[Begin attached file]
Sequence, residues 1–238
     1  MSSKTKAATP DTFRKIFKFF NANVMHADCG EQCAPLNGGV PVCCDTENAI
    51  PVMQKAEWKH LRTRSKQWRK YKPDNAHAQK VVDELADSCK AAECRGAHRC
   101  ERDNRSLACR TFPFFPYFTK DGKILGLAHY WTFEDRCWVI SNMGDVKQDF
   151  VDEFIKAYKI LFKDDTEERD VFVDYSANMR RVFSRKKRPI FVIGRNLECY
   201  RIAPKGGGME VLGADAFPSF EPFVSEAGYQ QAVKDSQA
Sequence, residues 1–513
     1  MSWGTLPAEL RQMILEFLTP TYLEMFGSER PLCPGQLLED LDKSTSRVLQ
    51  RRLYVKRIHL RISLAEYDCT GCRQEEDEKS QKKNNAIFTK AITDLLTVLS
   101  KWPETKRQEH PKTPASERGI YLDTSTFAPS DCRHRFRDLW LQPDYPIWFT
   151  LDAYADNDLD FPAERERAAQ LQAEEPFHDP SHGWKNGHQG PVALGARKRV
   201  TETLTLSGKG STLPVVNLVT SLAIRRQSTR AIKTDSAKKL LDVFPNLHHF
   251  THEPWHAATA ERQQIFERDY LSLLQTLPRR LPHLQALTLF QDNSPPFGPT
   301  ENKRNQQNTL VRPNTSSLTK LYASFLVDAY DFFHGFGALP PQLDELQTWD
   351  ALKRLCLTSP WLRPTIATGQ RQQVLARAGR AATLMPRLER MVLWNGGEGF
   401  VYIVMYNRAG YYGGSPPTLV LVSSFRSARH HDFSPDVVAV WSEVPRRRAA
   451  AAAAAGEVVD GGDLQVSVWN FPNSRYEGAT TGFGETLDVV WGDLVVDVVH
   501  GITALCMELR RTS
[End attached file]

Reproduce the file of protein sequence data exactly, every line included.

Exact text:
Sequence, residues 1–238
     1  MSSKTKAATP DTFRKIFKFF NANVMHADCG EQCAPLNGGV PVCCDTENAI
    51  PVMQKAEWKH LRTRSKQWRK YKPDNAHAQK VVDELADSCK AAECRGAHRC
   101  ERDNRSLACR TFPFFPYFTK DGKILGLAHY WTFEDRCWVI SNMGDVKQDF
   151  VDEFIKAYKI LFKDDTEERD VFVDYSANMR RVFSRKKRPI FVIGRNLECY
   201  RIAPKGGGME VLGADAFPSF EPFVSEAGYQ QAVKDSQA
Sequence, residues 1–513
     1  MSWGTLPAEL RQMILEFLTP TYLEMFGSER PLCPGQLLED LDKSTSRVLQ
    51  RRLYVKRIHL RISLAEYDCT GCRQEEDEKS QKKNNAIFTK AITDLLTVLS
   101  KWPETKRQEH PKTPASERGI YLDTSTFAPS DCRHRFRDLW LQPDYPIWFT
   151  LDAYADNDLD FPAERERAAQ LQAEEPFHDP SHGWKNGHQG PVALGARKRV
   201  TETLTLSGKG STLPVVNLVT SLAIRRQSTR AIKTDSAKKL LDVFPNLHHF
   251  THEPWHAATA ERQQIFERDY LSLLQTLPRR LPHLQALTLF QDNSPPFGPT
   301  ENKRNQQNTL VRPNTSSLTK LYASFLVDAY DFFHGFGALP PQLDELQTWD
   351  ALKRLCLTSP WLRPTIATGQ RQQVLARAGR AATLMPRLER MVLWNGGEGF
   401  VYIVMYNRAG YYGGSPPTLV LVSSFRSARH HDFSPDVVAV WSEVPRRRAA
   451  AAAAAGEVVD GGDLQVSVWN FPNSRYEGAT TGFGETLDVV WGDLVVDVVH
   501  GITALCMELR RTS